More Comprehensive Assessments
Automated systems have the capacity to digest and cross-reference vast volumes of technical documentation, user feedback, incident reports, and usage data to uncover risks that a manual assessment approach may miss. By leveraging the computational power of machines, risk assessments can be more data-driven, rigorous, and comprehensive. Technologies such as natural language processing enable analyzing qualitative data like support tickets, user reviews, or social media posts to surface human-reported issues. Automation also facilitates continuously monitoring and re-evaluating risks throughout the technology lifecycle.
Conducting tech risk evaluations quickly enough to inform key decisions has become a pressing need. The accelerated pace of development and frequent updates to software, devices, and platforms means risks can emerge just as rapidly. Automation speeds up data collection, analysis, and reporting processes to provide decision-makers timely insight into technology risks and risk management tradeoffs to guide development or deployment actions.
More Consistent and Unbiased Analysis
Leveraging predefined assessment models and algorithms helps minimize human subjectivity and cognitive biases that can lead to inconsistent or incomplete evaluations. Automated systems apply the same criteria and logic systematically across all technologies under review. This supports more equitable risk analysis, more standardized benchmarking between products or vendors, and easier auditing.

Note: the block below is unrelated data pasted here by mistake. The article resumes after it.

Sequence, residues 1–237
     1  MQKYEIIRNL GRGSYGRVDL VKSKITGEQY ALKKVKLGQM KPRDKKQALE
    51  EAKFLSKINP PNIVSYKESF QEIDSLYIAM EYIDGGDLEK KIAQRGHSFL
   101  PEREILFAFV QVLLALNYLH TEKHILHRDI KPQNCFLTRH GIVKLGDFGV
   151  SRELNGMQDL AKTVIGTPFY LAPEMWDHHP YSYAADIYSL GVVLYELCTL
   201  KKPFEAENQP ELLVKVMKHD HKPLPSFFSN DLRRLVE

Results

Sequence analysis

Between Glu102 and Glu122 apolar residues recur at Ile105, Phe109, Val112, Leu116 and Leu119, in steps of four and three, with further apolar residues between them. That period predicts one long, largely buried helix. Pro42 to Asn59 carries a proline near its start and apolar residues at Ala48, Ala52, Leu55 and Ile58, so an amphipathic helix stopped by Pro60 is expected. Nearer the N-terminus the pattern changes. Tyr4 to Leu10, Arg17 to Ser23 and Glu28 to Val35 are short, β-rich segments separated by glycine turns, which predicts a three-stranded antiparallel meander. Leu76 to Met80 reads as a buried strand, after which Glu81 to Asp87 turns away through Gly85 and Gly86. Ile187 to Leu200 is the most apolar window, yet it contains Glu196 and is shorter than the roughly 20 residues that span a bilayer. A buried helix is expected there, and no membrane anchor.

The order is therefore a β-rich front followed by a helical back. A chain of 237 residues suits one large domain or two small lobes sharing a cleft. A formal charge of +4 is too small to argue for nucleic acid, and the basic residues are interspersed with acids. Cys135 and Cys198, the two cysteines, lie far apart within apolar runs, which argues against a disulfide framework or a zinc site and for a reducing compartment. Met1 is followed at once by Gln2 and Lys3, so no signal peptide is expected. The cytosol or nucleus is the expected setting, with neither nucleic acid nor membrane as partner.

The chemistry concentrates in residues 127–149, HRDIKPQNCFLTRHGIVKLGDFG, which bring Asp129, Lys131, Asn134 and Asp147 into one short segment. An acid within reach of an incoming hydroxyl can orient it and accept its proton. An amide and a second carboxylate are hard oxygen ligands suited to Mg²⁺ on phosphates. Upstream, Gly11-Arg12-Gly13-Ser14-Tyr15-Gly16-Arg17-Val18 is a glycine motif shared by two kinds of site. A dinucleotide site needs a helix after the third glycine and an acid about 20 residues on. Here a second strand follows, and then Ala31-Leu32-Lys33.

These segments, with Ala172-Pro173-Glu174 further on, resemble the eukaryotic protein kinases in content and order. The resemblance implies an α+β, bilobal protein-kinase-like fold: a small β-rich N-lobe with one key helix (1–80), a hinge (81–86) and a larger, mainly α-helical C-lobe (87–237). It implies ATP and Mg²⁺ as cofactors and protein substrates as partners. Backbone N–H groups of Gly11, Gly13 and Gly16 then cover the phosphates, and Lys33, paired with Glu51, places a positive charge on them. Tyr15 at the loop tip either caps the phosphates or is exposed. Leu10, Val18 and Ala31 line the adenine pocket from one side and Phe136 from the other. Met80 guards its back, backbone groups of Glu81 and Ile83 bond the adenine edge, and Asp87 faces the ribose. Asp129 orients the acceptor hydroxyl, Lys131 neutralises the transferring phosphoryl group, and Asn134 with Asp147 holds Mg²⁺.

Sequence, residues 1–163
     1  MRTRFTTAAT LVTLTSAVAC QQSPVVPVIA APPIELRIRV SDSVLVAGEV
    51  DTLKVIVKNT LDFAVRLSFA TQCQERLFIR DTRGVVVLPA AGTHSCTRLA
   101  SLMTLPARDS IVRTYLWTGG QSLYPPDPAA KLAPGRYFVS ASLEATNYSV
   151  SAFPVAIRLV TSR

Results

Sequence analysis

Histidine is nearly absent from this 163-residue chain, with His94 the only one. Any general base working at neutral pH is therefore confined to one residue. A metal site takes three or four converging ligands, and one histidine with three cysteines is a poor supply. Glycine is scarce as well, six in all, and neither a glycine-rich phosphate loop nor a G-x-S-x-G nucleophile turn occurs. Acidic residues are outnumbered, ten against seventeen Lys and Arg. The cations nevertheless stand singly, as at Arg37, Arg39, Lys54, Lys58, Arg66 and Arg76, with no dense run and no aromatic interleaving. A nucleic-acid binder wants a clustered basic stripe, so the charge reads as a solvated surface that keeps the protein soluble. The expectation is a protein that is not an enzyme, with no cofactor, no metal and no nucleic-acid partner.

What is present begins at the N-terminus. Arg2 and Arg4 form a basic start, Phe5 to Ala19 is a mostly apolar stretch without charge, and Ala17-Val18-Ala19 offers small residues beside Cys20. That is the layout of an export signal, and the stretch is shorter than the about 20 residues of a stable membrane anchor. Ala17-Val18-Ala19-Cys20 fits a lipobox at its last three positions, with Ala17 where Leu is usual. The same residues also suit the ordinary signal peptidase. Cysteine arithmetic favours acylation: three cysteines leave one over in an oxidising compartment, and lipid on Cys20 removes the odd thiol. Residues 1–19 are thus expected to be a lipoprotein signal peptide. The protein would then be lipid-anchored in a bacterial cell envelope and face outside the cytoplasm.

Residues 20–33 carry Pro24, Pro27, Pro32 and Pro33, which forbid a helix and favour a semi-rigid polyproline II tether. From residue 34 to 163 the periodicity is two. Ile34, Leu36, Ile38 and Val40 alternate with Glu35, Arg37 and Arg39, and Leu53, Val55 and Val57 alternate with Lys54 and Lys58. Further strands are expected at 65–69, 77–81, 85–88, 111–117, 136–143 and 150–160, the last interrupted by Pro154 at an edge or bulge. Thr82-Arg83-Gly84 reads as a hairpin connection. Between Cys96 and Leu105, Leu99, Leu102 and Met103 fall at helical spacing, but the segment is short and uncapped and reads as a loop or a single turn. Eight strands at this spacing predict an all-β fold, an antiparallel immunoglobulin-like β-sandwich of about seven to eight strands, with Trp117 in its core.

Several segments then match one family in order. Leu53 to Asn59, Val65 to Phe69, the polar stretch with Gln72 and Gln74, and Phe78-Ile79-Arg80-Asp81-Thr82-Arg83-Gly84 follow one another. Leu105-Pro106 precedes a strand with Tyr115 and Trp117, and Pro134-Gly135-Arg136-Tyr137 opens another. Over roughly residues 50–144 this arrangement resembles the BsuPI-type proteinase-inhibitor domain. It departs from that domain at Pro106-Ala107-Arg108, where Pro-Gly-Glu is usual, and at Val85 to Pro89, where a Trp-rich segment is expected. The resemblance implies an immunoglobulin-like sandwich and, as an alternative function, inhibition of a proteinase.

While automation enhances the efficiency, scale, and consistency of tech risk assessments, AI algorithms and models are narrow in their capabilities. Human oversight and judgment play a critical role in setting risk evaluation goals, defining parameters, interpreting results, validating predictions, and making final calls on risk levels or required actions. People also bring important context about business needs, user expectations, and ethical implications. The most robust approach is augmented intelligence where human strengths complement automated processing.
Risk of Over-Reliance on Algorithms
As powerful as they are, AI systems used in risk assessment and third-party risk management have limitations around explainability and transparency. Their inner logic and decision-making can be black boxes. Over-reliance on algorithm outputs without enough human verification can allow critical flaws or biases to be overlooked. There are also risks of perpetuating historical biases if training data itself reflects an uneven impact on different demographic groups that algorithms learn to embed. Responsible development and deployment of automation in tech risk assessment include thoughtful design, extensive testing, and ongoing monitoring for fairness and safety.
With strong technology risk management fueled by automation, companies can harness IT capabilities to drive their business forward in a responsible way even in today’s complex, dynamic environment full of emerging cyber threats. Those organizations that leverage these solutions will have a clear competitive advantage in their industries going forward.
At Beaconer, we provide managed third-party risk solutions, tech risk assessment and management, and comprehensive third-party risk management. Powered by our cloud-native AI platform and advanced analytics, our solutions take charge of vendor risks that threaten your business.